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Why I Became A Police Officer

 September 26, 2016 at 10:02 AM PDT

As the ongoing controversy over deadly police shootings and told that -- in Tulsa and North Carolina continues tensions appear to be growing. Police Department are putting a greater emphasis in recruiting more minorities. In the era of black ice -- black lives matter that is easier said than done. As part of our series we spoke with a police officer about what motivated him to seek a career in law enforcement. I joined Chula Vista in June 2015. June 26 was my squaring day it was a very exciting day. I had the whole family there with my mom and wife and kids. It was a very fun day. My name is Kofi Agyeman . That means I was born on Friday. I am from Ghana and I am 30 years old. I moved here to America when I was about 15 years old back in 2000. They are going to what we call the South Side which is west of the date of five which is west of the date of 52 Main Street. My mom is probably worried the most out of everybody for my safety because as a Marine she did not want me to join the Marine core and once I decided to join the Police Department she said the same thing. She said you're going to leave the Marine Corps and join the Police Department at the time we are in right now? So right before law enforcement I was in the Marine Corps and I enjoyed being a Marine. I was in the Marine Corps for eight years but my wife and I have two little girls and we decided to get out of the Marine Corps just for the family sick I have always had law enforcement in the back of my head ever since I was a little kid I always wanted to be either a soldier or a police officer when I was growing up. Ethics and also affected by my father being in the military police back in Ghana. It was something that I always wanted to do so I knew I had to pick something that would make me happy and I chose law enforcement. I came into this profession knowing that I'm going to be putting my life on the line for the people of this community. You hear everything that is happening on the media is just teaches me to be mindful of what I do and to do what I am supposed to do. No police officer wants to shoot somebody. Nobody wants to go through that because it's a life-changing situation. Taking a young person's life will never be something that I would want to do I would only do it because I am scared for my life and I need to do it to save myself or I need to do it to save somebody from getting seriously injured or killed as well. The first thing I thought of with all of these shootings was I want to wait and see what happened after the investigations come out and I don't want to make assumptions. A lot of people make assumptions and don't know what is going on and end up leaving the wrong people. And a lot of time they are just doing their jobs. They think it cannot happen to me. If I was in that situation what would I have done. I will not know until I am in that situation. It is pretty hard. In their minds they are really being discriminated against and that's the reason why the will that way if somebody thinks he is being discriminated against I'm not going to take it lightly. I will listen to you or your complaint and I will try to be fair. Isaac I am a pretty fair guy. The main goal here is to have a good relationship with the community and have them know what we are doing and have their support and what we do and everything we do is for the community and we are there to protect them.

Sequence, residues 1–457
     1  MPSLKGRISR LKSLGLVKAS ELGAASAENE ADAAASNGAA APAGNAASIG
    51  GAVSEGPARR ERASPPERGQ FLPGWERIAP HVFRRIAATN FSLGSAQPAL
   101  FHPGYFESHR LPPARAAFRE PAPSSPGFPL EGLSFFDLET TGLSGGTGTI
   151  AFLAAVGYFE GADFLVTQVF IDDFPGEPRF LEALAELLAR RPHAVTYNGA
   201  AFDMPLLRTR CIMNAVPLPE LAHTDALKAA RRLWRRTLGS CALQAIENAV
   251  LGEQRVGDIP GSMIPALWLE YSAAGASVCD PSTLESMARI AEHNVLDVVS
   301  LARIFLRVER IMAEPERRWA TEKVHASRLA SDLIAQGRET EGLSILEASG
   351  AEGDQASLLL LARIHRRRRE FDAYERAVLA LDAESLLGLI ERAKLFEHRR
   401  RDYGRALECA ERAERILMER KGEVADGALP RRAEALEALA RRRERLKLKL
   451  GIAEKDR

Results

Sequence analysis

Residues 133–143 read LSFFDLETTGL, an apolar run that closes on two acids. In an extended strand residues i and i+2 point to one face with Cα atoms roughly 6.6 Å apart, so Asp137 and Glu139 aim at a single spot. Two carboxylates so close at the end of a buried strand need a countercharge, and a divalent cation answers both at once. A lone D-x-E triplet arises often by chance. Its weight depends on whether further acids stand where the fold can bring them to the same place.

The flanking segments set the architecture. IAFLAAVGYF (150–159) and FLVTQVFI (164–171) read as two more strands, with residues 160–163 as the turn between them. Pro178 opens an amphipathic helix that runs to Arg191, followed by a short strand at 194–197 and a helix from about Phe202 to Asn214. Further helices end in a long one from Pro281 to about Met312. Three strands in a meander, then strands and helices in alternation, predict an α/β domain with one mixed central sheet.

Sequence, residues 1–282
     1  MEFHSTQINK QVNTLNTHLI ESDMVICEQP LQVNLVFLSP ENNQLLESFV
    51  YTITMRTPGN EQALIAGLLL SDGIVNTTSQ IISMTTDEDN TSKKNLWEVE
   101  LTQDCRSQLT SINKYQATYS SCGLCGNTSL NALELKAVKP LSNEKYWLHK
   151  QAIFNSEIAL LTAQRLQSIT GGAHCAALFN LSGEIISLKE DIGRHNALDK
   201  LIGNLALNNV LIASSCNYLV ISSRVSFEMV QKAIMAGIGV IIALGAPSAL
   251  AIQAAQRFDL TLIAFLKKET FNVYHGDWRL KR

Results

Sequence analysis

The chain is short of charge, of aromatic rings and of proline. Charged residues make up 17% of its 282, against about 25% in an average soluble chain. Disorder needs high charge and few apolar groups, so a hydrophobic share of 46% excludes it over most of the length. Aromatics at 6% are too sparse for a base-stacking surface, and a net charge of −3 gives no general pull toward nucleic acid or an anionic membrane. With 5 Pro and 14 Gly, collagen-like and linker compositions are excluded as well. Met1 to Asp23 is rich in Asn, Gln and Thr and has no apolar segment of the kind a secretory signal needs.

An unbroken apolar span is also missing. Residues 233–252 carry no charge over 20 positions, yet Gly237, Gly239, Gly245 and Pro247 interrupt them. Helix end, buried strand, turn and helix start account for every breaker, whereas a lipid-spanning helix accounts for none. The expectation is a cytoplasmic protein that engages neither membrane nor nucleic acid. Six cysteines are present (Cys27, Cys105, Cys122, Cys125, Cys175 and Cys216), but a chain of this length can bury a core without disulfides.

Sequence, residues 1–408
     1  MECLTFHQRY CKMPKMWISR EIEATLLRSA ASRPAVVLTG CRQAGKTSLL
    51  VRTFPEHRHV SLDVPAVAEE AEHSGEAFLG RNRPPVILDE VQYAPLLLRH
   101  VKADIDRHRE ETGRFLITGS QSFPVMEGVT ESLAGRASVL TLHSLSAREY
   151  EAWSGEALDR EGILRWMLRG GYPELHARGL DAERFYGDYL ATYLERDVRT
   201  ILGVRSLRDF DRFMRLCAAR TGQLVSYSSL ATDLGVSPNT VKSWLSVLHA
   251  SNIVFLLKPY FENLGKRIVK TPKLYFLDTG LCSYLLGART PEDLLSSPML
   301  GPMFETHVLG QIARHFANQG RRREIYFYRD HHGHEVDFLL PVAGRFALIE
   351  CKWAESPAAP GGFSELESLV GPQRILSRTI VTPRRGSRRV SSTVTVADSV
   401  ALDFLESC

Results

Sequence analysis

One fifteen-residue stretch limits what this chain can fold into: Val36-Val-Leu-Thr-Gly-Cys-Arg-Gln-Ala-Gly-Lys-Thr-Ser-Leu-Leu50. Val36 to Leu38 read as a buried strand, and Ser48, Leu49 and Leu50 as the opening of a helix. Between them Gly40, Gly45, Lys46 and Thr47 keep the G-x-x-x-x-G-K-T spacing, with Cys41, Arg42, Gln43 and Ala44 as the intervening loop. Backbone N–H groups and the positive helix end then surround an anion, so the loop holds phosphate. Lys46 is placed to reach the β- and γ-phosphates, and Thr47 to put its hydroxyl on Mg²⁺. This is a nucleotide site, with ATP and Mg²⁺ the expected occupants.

Kofi Agyeman, 30, shares his experience as a young black police officer in San Diego County.